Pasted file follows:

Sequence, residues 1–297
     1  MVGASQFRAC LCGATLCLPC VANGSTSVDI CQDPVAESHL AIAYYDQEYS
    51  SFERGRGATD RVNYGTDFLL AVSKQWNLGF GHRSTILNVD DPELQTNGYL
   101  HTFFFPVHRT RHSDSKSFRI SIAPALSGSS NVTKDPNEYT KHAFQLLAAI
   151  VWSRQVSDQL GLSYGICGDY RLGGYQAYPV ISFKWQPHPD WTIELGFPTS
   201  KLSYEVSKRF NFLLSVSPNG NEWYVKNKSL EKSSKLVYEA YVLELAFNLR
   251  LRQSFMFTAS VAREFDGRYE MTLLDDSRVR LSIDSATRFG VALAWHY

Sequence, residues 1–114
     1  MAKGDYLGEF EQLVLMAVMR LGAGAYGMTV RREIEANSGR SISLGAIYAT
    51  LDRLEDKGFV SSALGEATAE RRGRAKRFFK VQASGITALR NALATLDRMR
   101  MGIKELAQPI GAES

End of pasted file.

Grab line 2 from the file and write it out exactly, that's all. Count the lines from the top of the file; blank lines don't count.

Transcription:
     1  MVGASQFRAC LCGATLCLPC VANGSTSVDI CQDPVAESHL AIAYYDQEYS